Why are you telling me this Mick? I said on the continent. I meant Europe. Actually, if you'd read my reply in context, you'd realise that I meant more specifically France as I assume that that's where French Erick comes from, with a name like that an' all. Apart from a few hopeful forays by folk like J-C Droyer (and then only pushed in that direction by his lookalike Pete Livesey) France's record on the trad scene is pretty abyssmal. I'm sure you'll come up with a host of folk now... Pierre Alain, classic alpinists like Desmaison etc etc. But really, the activity we know as trad climbing never really got started here.
French Erick - on 06 Aug 2012
In reply to jon:
My point exactly... althoguh at the start ethics were dubbious everywhere with pegs...
The difference is whilst in the uk an effort was made to make gear better to push towards better ethics and more willingness to climb ever harder routes, in France it moved towards sports climbing.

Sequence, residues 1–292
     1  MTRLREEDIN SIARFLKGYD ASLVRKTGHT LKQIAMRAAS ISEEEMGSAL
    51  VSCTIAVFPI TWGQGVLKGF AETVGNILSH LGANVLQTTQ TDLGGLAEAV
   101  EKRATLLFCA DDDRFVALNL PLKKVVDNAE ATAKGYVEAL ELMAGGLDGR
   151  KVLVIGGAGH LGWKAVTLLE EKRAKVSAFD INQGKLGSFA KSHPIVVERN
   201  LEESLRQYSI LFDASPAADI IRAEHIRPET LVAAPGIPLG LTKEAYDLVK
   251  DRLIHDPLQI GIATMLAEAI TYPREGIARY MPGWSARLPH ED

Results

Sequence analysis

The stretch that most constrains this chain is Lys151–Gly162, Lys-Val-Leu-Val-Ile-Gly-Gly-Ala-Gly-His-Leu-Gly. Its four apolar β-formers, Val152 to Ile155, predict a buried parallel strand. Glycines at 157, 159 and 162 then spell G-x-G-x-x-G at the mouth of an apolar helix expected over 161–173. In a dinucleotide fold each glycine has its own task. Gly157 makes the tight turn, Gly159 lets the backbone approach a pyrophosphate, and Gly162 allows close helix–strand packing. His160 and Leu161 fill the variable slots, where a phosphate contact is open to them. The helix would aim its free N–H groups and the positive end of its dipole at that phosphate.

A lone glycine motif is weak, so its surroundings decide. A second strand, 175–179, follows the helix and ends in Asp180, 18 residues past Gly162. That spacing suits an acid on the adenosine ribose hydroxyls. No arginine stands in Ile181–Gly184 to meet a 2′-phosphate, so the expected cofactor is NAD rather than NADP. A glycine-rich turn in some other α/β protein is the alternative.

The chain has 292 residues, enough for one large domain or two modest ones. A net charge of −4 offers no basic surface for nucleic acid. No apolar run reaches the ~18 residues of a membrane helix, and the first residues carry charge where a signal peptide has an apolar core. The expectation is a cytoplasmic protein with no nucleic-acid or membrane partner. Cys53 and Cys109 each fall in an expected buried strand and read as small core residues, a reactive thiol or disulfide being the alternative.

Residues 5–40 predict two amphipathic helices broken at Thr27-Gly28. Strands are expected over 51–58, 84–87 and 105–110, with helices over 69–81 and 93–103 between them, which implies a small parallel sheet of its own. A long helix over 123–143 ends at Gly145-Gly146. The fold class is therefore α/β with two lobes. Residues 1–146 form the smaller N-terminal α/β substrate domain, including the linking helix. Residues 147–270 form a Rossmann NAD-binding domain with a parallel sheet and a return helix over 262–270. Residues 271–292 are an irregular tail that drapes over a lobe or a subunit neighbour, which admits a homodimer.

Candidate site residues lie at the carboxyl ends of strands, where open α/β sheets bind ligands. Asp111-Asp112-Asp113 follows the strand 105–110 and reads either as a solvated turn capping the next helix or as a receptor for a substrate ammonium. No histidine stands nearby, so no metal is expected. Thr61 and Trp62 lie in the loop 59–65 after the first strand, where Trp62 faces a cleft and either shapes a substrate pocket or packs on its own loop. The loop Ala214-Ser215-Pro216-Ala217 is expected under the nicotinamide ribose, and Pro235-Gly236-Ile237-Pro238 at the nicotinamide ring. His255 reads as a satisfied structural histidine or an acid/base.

Entire generations of talented climbers don't even know trad exists, and if they do they think of Leo houlding or the mad belgians and the likes. All they think is " bugger that for a game of soldier" and never think about getting involved.
Rocks and cams= alpinism not cragging, hence the difference.

I took ombrage to folks dismissing efforts to create a culture where it doesn't already exist (France for example), and taking for granted what they have- being handed to them by previous generations.

I'm sometimes very annoyed with older climbers back at home (0ver 40s) for having dumped the old ways and teaching them to us younger climbers!

BTW, you're right, I'm French (and too proud of it as is becoming to us).

This thread is becoming rather interesting
jimtitt - on 06 Aug 2012
In reply to French Erick: